Best Summer Reads: Recommendations by HEC Professors

After studying hard, the summer holidays are the perfect opportunity to relax and enjoy a well-earned break. One of the easiest—and most inexpensive! —ways of disconnecting from it all is having your imagination captured by a great book. We asked our HEC Paris professors for suggestions about what to read this summer. The result is a list of works that range from classical fiction to the most cutting-edge business guides.

The Business of Big Data: How To Create Lasting Value in the Age of AI, by Martin Schmalz and Uri Bram (2019)

Recommended by Christophe Spaenjers, Associate Professor of Finance

Book Cover of 'The Business of Big Data'

Professor Spaenjers says: The rise of big data and AI is one of the most important forces in today’s business landscape. This short book, co-authored by a finance professor at Oxford SBS, gives a clear and accessible (but not oversimplified) introduction to the “data economy.” It explains how businesses are collecting, analyzing and monetizing data—and delves into the relative strengths and weaknesses of human versus artificial intelligence. Highly recommended to everyone with an interest in learning how technology is changing our economy.



Le Petit Prince, by Antoine de Saint Exupéry (1943)

Recommended by Xavier Boute, Associate Professor of Economics and Decision Sciences

Book cover of 'Le Petit Prince'Professor Boute says: Why this book? Firstly, it will help remind MBA students of what they learned in statistics class. Second, it’s the best way to practice a little French during this summer. But most importantly, after the strangeness of the last few months with COVID, summer is the best time for each of us to gain a new perspective on the world. Understanding the viewpoints of “la rose” (the rose), “le mouton” (the sheep) and “l’allumeur de réverbères” (the lamplighter) is a fun way to prepare for the Fall term!  You might well find this book inspiring, with so many quotes (in French) to read, write, share and recite, as well as the sentiments the author expresses around the word “apprivoiser” (to tame).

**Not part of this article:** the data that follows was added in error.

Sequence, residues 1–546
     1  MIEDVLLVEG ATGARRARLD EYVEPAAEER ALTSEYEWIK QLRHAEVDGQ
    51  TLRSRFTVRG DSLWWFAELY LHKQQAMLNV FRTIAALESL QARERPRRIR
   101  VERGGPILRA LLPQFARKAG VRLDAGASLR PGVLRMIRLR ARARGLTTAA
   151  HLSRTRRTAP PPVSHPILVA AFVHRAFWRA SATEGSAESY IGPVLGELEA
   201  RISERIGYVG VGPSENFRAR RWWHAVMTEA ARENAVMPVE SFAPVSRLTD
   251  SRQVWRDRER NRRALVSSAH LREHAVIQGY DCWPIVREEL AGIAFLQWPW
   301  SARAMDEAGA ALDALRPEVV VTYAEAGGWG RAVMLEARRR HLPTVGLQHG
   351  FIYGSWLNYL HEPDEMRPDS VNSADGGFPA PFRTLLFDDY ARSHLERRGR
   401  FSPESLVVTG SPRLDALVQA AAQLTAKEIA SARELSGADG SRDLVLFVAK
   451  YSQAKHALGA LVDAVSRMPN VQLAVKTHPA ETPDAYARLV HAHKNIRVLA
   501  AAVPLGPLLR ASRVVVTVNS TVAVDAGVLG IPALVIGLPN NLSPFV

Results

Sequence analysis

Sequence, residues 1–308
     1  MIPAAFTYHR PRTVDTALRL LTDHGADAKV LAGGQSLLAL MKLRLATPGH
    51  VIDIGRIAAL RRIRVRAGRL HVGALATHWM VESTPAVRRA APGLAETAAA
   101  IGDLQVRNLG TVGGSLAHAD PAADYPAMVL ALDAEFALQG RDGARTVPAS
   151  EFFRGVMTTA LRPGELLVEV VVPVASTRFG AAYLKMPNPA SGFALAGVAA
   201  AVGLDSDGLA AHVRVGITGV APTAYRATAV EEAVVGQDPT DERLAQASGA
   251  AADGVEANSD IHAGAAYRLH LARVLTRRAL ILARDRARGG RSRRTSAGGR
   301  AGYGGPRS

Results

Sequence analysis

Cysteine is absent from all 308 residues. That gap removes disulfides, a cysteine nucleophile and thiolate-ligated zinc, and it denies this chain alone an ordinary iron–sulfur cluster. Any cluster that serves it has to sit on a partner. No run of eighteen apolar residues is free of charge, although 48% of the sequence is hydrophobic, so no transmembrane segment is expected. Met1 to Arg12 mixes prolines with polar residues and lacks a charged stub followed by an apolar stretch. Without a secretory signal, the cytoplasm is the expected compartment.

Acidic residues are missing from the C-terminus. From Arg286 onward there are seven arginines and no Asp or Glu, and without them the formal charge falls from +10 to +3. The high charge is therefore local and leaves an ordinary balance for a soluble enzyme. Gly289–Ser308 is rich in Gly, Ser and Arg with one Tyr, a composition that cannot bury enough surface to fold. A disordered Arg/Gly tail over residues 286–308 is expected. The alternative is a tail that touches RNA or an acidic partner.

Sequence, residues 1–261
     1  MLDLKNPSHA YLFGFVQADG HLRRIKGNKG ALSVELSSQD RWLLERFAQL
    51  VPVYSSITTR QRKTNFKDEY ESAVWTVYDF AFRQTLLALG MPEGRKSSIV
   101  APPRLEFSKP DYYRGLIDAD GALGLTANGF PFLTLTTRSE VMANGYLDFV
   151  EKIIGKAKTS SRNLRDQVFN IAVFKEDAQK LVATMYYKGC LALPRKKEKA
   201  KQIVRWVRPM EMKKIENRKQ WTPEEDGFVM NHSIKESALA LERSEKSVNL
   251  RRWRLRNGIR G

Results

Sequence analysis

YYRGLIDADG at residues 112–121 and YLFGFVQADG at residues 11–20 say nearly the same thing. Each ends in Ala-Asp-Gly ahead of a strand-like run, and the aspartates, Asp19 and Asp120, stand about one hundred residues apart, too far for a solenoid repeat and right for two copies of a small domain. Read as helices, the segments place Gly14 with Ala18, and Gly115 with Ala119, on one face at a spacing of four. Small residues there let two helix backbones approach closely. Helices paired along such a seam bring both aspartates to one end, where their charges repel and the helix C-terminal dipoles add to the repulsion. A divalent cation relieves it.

Martin Eden, by Jack London (1909)

Recommended by Gonçalo Pacheco De Almeida, Professor of Strategy and Business Policy

Book cover of Martin Eden, by Jack LondonProfessor Pacheco De Almeida says:  Jack London is perhaps the greatest American writer of all time. Although famous for his best-selling classics for younger audiences such as The Call of the Wild (1903) and White Fang (1906), in 1909 Jack London published what may well be his best novel ever: Martin Eden. This book was written over a century ago; yet one can feel the heartbeat of the author on every page. The bare-knuckle, semi-autobiographical story of a sailor who pursues his dreams of literary fame is a powerful narrative that leaves the reader with a profound, thought-provoking message. In London’s own words: “One of my motifs, in this book, was an attack on individualism (in the person of the hero)”. This critique of individualism and personal ambition should reverberate today as the world comes to grips with a global crisis that can only be solved through coordinated collective effort and social inclusiveness.